At Village Earth we are engaged in the creation of an alternative funding model that is designed to crack (and eventually break through) these existing barriers and structures. The overall objective is to create a model in which people from the grassroots are able to access funding in the US (or anywhere else), without having to depend on large donors, development agencies or somebody else’s development agenda. There are two fundamental aspects to our approach: 1) While we will always continue to support grassroots actors, we are actively developing relationships with what are often called “intermediary organizations.” These are organizations, usually located in the developing world (or Global South), that work directly with grassroots actors, have years of experience, and a wealth of knowledge and, perhaps most importantly, are fully immersed in the local context. Rather than “parachuting” NGOs into a foreign country, with plenty of funding (sometimes too much) but without a deep understanding of the local context, we would rather partner with intermediary organizations that often have everything but the resources to carry out their work. 2) We are developing a comprehensive support network designed to help grassroots and intermediary organizations access the critical resources needed to carry out their mission and vision. First, we are working to help these organizations build their own individual donor base, which offers more flexibility in terms of any sort of preconceived development agenda.

At Village Earth, our work on Pine Ridge and in Peru has been successful precisely because of the individual donor bases that we have been able to create to support these projects. Second, we are helping these organizations establish the fiscal and legal status to obtain funds directly from philanthropic organizations and development NGOs. This includes establishing a “fiscal sponsorship” to provide the 501(c)(3) status to utilize funds from a grant or to provide a tax-free exemption for interested individual sponsors. Third, to promote their projects and ideas and enhance their image, we are providing these organizations with training on new social media and web-based technologies. Forth, we are assisting these organizations to locate key strategic allies in the US and abroad. This includes locating social and political advocates that support their cause and legal and political experts that provide critical information on relevant issues. It also includes connecting these organizations with organizations in the US that have similar experiences or compatible interests. For example, Latin American indigenous organization might develop alliances with Native American organizations in the US that have shared experiences of colonization and marginalization. The overarching goal is to create a network of support such that grassroots and intermediate organizations are able to effectively pursue their own development agenda and to take the leading role in their own development process.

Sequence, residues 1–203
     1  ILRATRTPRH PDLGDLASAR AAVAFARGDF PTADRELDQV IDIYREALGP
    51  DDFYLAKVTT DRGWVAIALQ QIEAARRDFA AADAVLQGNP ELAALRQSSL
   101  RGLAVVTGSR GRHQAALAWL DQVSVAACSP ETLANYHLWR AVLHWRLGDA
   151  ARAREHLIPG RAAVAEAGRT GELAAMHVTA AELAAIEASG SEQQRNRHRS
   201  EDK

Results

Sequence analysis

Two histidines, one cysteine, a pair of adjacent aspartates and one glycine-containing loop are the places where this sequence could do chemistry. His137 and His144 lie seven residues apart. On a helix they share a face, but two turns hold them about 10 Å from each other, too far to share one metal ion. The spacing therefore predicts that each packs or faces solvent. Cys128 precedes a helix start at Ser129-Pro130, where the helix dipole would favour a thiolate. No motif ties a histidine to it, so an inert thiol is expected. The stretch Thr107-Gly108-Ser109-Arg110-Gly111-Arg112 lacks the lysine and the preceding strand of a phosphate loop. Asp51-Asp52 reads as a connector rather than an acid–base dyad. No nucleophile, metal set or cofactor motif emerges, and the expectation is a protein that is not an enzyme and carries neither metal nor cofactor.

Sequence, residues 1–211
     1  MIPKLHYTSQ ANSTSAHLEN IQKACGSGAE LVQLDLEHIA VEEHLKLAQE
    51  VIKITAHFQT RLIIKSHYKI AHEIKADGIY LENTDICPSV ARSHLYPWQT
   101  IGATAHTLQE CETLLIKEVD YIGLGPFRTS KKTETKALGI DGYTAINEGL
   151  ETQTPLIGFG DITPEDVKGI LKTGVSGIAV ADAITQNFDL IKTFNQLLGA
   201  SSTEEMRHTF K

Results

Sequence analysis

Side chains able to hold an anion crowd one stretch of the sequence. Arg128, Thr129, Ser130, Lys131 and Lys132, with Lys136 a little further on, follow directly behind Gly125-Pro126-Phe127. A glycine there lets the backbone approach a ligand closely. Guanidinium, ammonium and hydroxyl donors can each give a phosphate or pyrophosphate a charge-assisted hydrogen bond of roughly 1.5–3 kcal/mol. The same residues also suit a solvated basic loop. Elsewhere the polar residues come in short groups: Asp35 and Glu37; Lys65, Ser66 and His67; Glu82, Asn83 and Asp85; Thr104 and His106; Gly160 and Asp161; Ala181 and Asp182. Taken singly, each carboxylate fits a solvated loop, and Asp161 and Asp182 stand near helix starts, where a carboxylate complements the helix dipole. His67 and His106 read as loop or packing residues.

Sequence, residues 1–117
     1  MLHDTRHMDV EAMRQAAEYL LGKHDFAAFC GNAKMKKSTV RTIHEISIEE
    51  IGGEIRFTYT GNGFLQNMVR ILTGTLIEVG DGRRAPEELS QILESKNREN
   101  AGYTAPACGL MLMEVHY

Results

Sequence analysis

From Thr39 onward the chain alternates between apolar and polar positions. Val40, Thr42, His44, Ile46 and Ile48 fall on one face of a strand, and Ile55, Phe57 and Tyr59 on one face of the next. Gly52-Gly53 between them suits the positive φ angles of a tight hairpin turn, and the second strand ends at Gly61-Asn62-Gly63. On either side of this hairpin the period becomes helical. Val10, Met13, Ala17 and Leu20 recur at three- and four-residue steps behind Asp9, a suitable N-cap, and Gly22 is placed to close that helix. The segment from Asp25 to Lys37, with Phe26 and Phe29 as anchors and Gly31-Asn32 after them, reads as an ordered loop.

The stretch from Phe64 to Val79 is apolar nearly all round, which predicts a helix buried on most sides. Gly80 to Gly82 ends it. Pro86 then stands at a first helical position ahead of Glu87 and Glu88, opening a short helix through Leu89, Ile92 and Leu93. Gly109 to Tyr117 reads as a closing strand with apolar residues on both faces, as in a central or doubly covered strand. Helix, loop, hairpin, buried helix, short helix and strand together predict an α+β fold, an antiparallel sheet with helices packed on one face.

The trap of large development funding is, in reality, the lack of mechanisms in place that allow intermediate organizations to access the vast amount of resources (both financial and non-financial) that exist in the US. In fact, by not directly supporting these organizations, we are wasting some of the most precious resources that already exist in the Global South. Paradoxically, the current model also prevents individual donors from having the freedom to choose from a vast array of capable organizations with a wealth of knowledge and experience in grassroots development. 1 “Guide to USAID’s Assistance Application Process and to Submitting Unsolicited Assistance Applications.” Go to http://therealnews.com/t2/. 2 Indigenous peoples, for example, have had serious conflicts with environmental organizations when indigenous and conservation interests collide. See Mac Chapin, “A Challenge to Conservationists,” World Watch, November/December 2004. 3 “Giving USA 2010: The Annual Report on Philanthropy for the Year 2009, Executive Summary,” Giving USA Foundation, The Center on Philanthropy at Indiana University. Go to http://www.givingusareports.org/freeform.php.

Upcoming Courses in the Village Earth/CSU Online Certificate Program in Community-Based Development

Fall I Session

GSLL 1518 – Community-Based Food Systems

During this five week course, you will learn about various approaches to building community-based food systems and movements for food justice around the world. Together, we will evaluate successful efforts at food system relocalization and the protection of community food resources, as well as the factors that threaten these efforts.

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Summer II Session

GSLL 1510 – Community-Based Mapping

This course explores theories, ethics, applications, and methods of community-based mapping and its role in participatory learning and action as well as larger processes of integrated community-based development.